Citizen Supply is a massive boutique with a delightful assortment of curated clothing and accessories. The second we walked in, we got distracted with the “Atlanta” wall, incredible array of greenery and succulents at the in store florist, the inspirational quotes, and giant white backdrop literally set up for photo shoots! Truly, an Instagrammer’s playground.
With a population spread across 242 neighborhoods, Atlanta’s nightlife scene is diverse and varied. One night we hit up a tiki bar called Flip Flops in Midtown for frozen drinks (omg soooo good). The vibe is what you would expect in Houston’s Midtown–young crowd (thanks to two university’s being nearby), rooftop patio, loud music and a crazy dance floor. Another night we went clubbing at Havana, which was an expansive club with three rooms–pop, techno, and (of course) Latin jams. Made me want to go back to Club Tropicana in Houston. All the places we went (annoyingly) made us pay cover–even when we were rolling deep in a crew of women. So be prepared to bring cash when you go out and get ready to stay out until 3am or later!
Despite our best efforts, it’s absolutely impossible to see the best of Atlanta in one weekend. There’s literally so many neighborhoods with so much to offer, you really have to pick and choose what you want to see and what vibe you want to have. Below are details about additional neighborhoods and Atlanta favorites from my friends that are getting added to my list for next time when I visit! For more details about Atlanta neighborhoods, check out this guide.
- Decatur – Cute town north of the city with a fountain in town center. It has two awesome breweries, awesome boutiques, restaurants, and an old bank turned into a bar called Brickstore Pub with a zillion beers on tap.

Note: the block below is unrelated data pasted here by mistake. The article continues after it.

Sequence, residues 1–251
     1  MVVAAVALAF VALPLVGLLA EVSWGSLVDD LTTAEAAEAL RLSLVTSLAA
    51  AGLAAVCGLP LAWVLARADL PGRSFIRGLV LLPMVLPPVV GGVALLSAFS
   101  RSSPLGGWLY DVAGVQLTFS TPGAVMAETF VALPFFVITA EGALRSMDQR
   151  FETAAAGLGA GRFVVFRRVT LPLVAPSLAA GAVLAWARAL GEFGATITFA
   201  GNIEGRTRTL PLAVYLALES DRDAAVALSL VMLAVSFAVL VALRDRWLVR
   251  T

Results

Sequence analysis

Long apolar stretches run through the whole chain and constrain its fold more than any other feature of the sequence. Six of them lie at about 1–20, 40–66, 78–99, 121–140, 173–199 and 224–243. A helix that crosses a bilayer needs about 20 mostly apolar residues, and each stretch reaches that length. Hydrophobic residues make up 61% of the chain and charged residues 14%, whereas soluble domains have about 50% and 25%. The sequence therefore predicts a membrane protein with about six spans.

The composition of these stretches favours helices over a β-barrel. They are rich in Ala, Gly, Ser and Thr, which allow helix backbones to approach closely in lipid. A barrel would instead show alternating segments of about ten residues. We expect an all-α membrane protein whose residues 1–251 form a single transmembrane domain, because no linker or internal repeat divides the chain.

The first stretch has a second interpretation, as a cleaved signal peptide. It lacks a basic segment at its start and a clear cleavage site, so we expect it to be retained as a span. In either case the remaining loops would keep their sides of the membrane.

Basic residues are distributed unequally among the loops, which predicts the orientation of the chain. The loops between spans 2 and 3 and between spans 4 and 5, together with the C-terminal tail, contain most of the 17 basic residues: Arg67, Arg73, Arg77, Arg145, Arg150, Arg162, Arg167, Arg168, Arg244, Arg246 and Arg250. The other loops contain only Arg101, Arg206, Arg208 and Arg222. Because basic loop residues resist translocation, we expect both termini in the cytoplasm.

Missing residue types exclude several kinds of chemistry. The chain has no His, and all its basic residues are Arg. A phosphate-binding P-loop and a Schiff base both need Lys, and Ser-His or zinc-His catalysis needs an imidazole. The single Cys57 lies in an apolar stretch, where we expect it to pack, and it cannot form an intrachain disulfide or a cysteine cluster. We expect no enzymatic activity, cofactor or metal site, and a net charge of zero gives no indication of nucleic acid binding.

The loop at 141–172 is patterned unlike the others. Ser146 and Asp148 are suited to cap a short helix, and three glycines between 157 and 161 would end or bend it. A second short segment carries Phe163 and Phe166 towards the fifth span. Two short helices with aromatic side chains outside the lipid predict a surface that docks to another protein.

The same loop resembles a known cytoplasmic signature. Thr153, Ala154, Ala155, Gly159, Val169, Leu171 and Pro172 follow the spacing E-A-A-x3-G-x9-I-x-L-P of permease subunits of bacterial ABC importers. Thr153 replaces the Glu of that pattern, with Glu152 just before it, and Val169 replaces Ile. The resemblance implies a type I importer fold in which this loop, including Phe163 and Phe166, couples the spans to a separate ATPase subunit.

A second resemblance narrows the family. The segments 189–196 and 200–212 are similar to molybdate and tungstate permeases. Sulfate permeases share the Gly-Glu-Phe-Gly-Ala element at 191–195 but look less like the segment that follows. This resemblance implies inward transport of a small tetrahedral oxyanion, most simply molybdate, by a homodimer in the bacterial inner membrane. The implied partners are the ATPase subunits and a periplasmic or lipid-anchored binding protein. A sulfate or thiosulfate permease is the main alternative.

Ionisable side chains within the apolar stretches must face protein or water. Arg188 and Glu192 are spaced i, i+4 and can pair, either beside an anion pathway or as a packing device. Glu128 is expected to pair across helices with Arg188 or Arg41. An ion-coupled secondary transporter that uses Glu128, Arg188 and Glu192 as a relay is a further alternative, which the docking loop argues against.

- Buckhead – This is the bougie, new money, multi-million dollar mansions part of town. Any of your friends who just graduated probably live in an apartment in this neighborhood. It’s very yuppie with a River Oaks District vibe with high-end shops like Tom Ford and Gucci on the corner mixed with a Houston Midtown bar scene– lots of kids just out of college at borderline trashy bars. The nice place to get drinks are at hotel bars. Good happy hours in the area include Gypsy Kitchen which has a second story patio serving cocktails and tapas and Whiskey Blue which has an outdoor patio with blue outdoor couches lounge. Joy Café is a famous brunch place–they don’t take reservations so be prepared to wait.
- Midtown — Older, classic Atlanta with a more #eldermillenial, established residental population. It’s got a big city vibe, a vibrant gay community with lots of company headquarters. Georgia Tech is located here so there’s lots of college students out and about in the school year (hence the Flip Flop clientel).
- West Midtown – This part of town has become more gentrified over the last 10 years. My friends think it’s actually cooler than Midtown with cool speakeasy bars, organic restaurants, and plenty of boutiques.
- Atlantic Station – This neighborhood is considered its own town, but basically part of Midtown;. It’s cheaper but up and coming and always seem to have some sort of food festival going on — brunch, wine and cheese, beer fest, etc.
- Little Five Points – Very different from the other parts of town in that it’s kinda sketchy and very eclectic. Expect to see anything from witchcraft shops and medical marijuana to record stores and vintage thrift shops. Don’t miss out on Wish which sells high end shoes and streetwear alongside antique book decor.
- Virginia Highlands – this neighborhood is close to the Beltline, and has plenty of restaurants and boutiques to stroll through. Murphy’s has fantastic brunch (but doesn’t take reservations), and an epic 90s and alternative rock karoke bar called Darkhorse Tavern.
- If you’re into art, Edgewood apparently has a pretty cool art scene. Also keep an eye out for the Tiny Doors movement which started in Atlanta.